In the world, tattoos are among the most popular body ornaments.

A 2010 study found that a staggering 38% of persons between the ages of 18 and 29 have had at least one tattoo.

Although most will answer “yes,” the truth is that this is a difficult question to answer.

Tattooing entails repeatedly puncturing the top layer of your skin with a fine needle coated with ink.

Therefore, getting a tattoo is always painful, however individual pain thresholds may vary.



Everyone experiences discomfort when getting a tattoo. However, there are things that can change how much discomfort you personally feel while getting tattooed.

The degree to which getting a tattoo hurts might vary depending on factors like sex, skin condition, and tattoo placement.

Before you go to the tattoo shop, be sure you are informed of the discomfort, hazards, and consequences associated with tattoo regret.


Males and females who are biologically different often experience and manage pain in different ways. Additionally, particular body areas are more painful to tattoo on than others.

We gathered anecdotal information from websites maintained by professionals in the tattoo industry because there isn’t any scientific proof that indicates which parts of the body will hurt the most and the least when getting inked.

The majority of people agree that areas with the thickest skin, the fattest, and the fewest nerve endings are the least painful places to have tattoos. The areas of the body that have the least fat, the most nerve endings, and the thinnest skin are the most painful to get tattooed. Usually, bony parts ache a lot.

Discover which areas are most and least likely to hurt by reading on.

Everybody has a distinct way of dealing with pain. Both the location of your tattoo and your sexual orientation can influence how painful it is. Here, we’ll examine in more detail the most and least uncomfortable tattoo locations.


Where’s it hurt the most?

Getting a tattoo on a portion of your body with numerous nerve endings, close to bones with little fat, or where your skin is extremely thin is probably the most painful option. These locations may experience moderate to severe pain.


The armpit is one of the most painful areas to receive a tattoo, if not the most painful spot. You will feel excruciating pain while getting a tattoo here. In fact, the majority of tattoo artists advise against getting tattoos in the armpit area.

Rib cage

For most people, getting a tattoo on their rib cage is definitely the second most painful part of the process. It may be quite painful here. The area around your ribcage has a much thinner skin and less fat than the majority of other areas of your body.

Additionally, your rib cage and the skin above it move when you breathe, which might intensify the sensation of having a tattoo here.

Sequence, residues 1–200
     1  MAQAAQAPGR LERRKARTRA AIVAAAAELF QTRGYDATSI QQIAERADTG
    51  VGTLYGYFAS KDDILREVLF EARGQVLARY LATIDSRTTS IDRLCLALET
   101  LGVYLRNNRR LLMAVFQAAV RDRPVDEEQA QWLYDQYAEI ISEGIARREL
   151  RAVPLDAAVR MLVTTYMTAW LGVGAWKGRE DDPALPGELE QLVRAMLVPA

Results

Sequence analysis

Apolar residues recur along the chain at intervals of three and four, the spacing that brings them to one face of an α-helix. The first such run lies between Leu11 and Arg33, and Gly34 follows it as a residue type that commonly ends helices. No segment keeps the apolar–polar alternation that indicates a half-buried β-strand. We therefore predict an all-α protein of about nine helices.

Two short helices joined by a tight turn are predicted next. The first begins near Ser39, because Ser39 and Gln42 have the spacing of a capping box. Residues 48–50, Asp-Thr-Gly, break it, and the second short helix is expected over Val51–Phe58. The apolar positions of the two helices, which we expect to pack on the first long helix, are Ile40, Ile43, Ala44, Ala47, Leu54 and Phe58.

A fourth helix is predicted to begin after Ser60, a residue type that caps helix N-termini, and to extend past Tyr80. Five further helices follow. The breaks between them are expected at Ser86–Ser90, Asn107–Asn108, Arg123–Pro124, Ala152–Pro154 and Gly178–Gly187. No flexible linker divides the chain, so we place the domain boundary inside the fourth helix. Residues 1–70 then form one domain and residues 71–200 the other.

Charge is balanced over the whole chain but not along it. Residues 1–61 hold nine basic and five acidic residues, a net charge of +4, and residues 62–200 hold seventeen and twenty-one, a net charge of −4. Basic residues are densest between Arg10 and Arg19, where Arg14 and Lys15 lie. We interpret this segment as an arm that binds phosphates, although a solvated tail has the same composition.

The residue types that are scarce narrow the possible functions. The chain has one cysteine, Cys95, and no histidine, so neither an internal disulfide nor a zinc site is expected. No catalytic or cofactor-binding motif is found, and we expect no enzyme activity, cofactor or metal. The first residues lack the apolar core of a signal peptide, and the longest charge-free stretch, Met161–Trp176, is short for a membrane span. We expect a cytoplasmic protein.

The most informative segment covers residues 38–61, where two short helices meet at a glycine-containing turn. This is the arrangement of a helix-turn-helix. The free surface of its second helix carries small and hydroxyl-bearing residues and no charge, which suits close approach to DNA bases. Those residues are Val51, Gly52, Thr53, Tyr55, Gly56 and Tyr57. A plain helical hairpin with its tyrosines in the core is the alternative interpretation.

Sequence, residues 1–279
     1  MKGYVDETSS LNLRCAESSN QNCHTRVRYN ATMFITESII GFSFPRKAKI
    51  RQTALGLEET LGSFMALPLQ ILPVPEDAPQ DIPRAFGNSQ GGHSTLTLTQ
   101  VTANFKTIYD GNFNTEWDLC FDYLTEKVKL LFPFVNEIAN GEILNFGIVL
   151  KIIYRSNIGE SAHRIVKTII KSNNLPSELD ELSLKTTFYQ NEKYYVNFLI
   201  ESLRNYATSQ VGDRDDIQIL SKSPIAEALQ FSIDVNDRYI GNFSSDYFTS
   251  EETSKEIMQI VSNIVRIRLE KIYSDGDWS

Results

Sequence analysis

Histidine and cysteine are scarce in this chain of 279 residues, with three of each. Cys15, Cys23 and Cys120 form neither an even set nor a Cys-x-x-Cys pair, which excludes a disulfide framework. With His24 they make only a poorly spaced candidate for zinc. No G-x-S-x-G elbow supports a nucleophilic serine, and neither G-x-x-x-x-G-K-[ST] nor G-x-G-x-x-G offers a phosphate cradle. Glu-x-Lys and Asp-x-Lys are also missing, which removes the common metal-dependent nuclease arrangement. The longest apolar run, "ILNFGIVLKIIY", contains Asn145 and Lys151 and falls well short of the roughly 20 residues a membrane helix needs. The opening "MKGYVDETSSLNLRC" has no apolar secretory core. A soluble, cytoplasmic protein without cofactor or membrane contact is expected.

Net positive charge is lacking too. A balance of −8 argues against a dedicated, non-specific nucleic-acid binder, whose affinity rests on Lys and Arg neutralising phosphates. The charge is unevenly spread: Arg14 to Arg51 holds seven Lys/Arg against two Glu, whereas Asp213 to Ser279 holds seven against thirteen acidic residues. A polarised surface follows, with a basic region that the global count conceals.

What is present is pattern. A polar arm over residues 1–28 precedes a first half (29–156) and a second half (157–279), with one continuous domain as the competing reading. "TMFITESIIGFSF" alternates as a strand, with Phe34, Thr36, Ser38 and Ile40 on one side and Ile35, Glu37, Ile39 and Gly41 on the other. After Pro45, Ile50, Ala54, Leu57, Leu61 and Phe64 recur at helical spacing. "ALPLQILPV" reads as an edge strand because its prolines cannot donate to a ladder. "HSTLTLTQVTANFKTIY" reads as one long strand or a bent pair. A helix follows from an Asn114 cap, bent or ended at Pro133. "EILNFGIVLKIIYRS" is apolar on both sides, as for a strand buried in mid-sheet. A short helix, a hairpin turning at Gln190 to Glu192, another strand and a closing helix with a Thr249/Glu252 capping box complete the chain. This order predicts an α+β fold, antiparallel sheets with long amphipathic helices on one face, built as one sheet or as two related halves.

Shins and ankles

Your shinbones and ankle bones are located directly below the surface of your skin, making tattooing these areas exceedingly painful. Tattoos on the shins and ankles typically hurt a lot. It hurts about as much as getting a tattoo across your ribcage.

Breasts and nipples

Being tattooed on the breasts and nipples can be really painful because these are such sensitive places.


The nerve endings in your groin can be inflamed by tattoo needles. Here, pain ranges from high to severe.

Kneecaps or elbows

Your bones are located just below the skin in your kneecaps and elbows. Tattooing over the bone can cause high to severe pain due to vibrations.

Back of the knees

Another area of the body where getting a tattoo may cause you to feel excruciating agony is this one. Skin that is loose and stretchy and has a lot of nerve endings can be seen behind your knees. Due to these qualities, this area is extremely vulnerable to tattoo needles.


Hip tattoos can be really painful because your hip bones are right under your skin. This is particularly true if you have little fat around your hips to protect your hip bones from impact.

Neck and back

Due to the sensitive nature of the neck and spine, neck and spine tattoos are among the most painful tattoos.

Face, ears, and head

Your head, face, and ears all have numerous nerve endings that, like those in the neck, can be inflamed during tattooing and result in excruciating pain. Your head, face, and ears don’t have much fat, therefore there isn’t much of a cushion for the tattoo needle to rest on.


Your lips’ skin is typically supple and covered in nerve endings. An inked lip will almost surely result in excruciating agony, as well as possible bleeding, swelling, and bruises.

Feet, toes, fingers, and hands

Tattoos are frequently inked on the tops, insides, fingers, and toes of the hands, feet, and extremities. On your hands and feet, getting a tattoo anyplace can be excruciatingly painful. Here, the skin is extremely thin and is home to numerous nerve endings that can become painful when a tattoo needle is inserted into them.